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Researchers will install monitors to study Seattle earthquake fault zone

Harvard students will install the instruments at volunteers' homes.

SEATTLE — It will be a busy weekend for a team of Harvard Ph.D. students trying to learn more about the Seattle earthquake fault zone.  

The team will spend their weekend installing seismometers at the homes of volunteers around Seattle who agreed to have seismic activity recorded on their property.

The project is called “Seaquake” and was planned before an earthquake shook western Washington early Friday morning. Although that quake did not hit along the Seattle fault line, it gives added importance to the reason they are doing this work.  

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“The reason I care about earthquakes is because of the communities they affect,” Natasha Toghramadjian explained.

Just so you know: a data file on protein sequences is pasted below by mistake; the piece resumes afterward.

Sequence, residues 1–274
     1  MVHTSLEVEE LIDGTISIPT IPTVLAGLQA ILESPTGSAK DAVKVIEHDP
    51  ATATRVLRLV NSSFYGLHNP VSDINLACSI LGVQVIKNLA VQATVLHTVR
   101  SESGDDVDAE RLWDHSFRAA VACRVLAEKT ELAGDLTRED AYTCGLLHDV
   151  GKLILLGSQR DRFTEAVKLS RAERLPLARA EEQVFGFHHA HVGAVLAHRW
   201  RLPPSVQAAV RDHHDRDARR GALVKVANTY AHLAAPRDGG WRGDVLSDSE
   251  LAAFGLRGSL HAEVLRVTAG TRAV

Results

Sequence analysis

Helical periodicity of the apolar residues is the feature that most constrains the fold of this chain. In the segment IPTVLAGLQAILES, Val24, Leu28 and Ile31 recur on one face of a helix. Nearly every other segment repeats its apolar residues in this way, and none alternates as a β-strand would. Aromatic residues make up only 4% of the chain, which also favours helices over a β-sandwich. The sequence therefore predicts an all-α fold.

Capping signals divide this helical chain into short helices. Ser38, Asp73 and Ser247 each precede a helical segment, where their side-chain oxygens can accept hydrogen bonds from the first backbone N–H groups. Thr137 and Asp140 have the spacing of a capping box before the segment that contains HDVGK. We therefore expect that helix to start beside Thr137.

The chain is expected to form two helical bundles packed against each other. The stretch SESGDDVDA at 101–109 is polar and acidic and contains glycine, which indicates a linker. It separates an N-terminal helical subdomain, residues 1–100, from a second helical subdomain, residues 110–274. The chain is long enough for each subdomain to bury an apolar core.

The team trained with the equipment Friday and then started installing a few monitors, taking time to explain how they work to curious homeowners and neighbors.

The Hahn family agreed to have one in their side yard and said they all missed the earthquake that morning.  

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“We didn't feel the quake, hopefully, that's a little more sensitive in our yard,” Dad Jason Hahn joked. He was grateful for the chance to share 

In one month, they'll return to dig up the meters and see what data they collected. Researchers said predicting earthquakes is unlikely but it might give them other important information about earthquakes in the Seattle area.

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